The concern that tribes will disrupt existing water allocation regimes by suddenly claiming or exercising their reserved water rights is not new, however.  Historically, tribal claims of federally reserved water rights were made with respect to surface water, which presented complex issues for the appropriative rights systems employed in western states like California because they affected the priority of existing rights.  Whereas priority date under the state system is based on the date when the appropriation was initiated, federally reserved water rights have a priority date that goes back at least as far as the date on which the reservation lands were set aside.[8]  As a result, a tribe claiming a federally reserved right to surface water today could bump down in priority all the rights established after the date on which the reservation was created.

Potential Interactions Between Federally Reserved Groundwater Rights and California’s Groundwater Regime

Similar problems arise in the context of groundwater, which recent case law, including the Eastern District of California’s decision in Agua Caliente, suggests can also be the subject of federally reserved water rights.[9]  California manages state groundwater rights under a water rights system that merges three different types of water rights—overlying, or correlative rights; appropriative rights; and prescriptive rights.[10]  The California Supreme Court first recognized correlative and appropriative rights to groundwater in 1903 in the landmark case Katz v. Walkinshaw.[11]  Under this groundwater rights regime, users whose land lies above an aquifer are vested with overlying rights, which allow groundwater extraction for use on the overlying land subject only to the limitation that the amount extracted is reasonable for use on the overlying parcels compared to the demands of other overlying users.[12]  Appropriative rights are established according to a first-in-time, first-in-right system and relate to groundwater extraction for use on property that does not overlie the aquifer.  These rights are junior to overlying rights—appropriators may only use “surplus” water, or water in excess of what is required by overlying users and that will not result in aquifer overdraft.[13]  Finally, prescriptive rights can be created by the open and adverse continuous use of groundwater in an overdrafted basin for the prescriptive period, which in California is five years.  Thus appropriative rights can shed their junior status as compared to overlying rights if they become prescriptive rights through this process.  How federally reserved rights to groundwater will interact with or fit into this complex state groundwater rights system remains largely an open question.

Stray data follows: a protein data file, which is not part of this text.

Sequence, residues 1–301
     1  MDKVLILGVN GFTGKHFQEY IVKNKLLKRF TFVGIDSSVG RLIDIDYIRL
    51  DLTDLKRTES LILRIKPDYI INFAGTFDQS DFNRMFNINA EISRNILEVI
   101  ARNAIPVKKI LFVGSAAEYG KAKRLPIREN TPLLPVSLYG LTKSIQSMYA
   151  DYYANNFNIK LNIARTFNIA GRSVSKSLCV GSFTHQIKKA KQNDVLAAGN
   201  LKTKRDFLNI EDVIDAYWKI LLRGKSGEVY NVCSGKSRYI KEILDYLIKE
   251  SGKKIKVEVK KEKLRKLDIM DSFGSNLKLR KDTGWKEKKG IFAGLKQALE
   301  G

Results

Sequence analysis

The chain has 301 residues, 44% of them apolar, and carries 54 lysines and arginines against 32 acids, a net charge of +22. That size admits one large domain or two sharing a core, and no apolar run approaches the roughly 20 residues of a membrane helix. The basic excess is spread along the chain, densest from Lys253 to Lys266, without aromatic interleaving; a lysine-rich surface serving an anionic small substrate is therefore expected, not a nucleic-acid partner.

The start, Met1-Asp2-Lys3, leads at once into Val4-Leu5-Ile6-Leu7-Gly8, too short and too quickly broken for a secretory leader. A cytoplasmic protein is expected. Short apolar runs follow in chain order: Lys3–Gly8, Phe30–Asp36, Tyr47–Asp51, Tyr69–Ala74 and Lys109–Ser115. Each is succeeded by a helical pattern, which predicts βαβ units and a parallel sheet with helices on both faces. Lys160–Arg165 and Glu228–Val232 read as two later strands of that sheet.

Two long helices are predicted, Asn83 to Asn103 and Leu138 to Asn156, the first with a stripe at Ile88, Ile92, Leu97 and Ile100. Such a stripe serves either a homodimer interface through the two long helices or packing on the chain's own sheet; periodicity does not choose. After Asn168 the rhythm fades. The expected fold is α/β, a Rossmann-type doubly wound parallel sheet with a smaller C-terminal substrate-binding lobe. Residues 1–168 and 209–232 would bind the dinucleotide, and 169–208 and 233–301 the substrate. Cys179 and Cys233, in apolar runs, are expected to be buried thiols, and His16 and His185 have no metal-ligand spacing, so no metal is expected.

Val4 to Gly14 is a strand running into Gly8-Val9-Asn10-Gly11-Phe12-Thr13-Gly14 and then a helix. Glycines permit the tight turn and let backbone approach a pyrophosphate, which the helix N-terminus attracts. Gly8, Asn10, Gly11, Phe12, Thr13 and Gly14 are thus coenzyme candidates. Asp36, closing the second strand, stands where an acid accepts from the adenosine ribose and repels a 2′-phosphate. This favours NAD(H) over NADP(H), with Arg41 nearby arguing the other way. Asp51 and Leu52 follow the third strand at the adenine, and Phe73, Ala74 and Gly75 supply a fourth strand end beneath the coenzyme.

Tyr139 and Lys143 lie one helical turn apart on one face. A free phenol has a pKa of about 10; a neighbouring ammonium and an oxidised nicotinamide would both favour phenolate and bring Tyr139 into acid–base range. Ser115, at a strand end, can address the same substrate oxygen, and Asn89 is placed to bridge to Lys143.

If the tribe’s land overlies a groundwater source, it may begin pumping under the correlative rights doctrine, making a claim to the correlative right of “reasonable use” under state law.[14]  Under that state law correlative right, if there is insufficient water to meet the demands of all overlying landowners, then each must reduce their use in relation to the other overlying landowners.[15]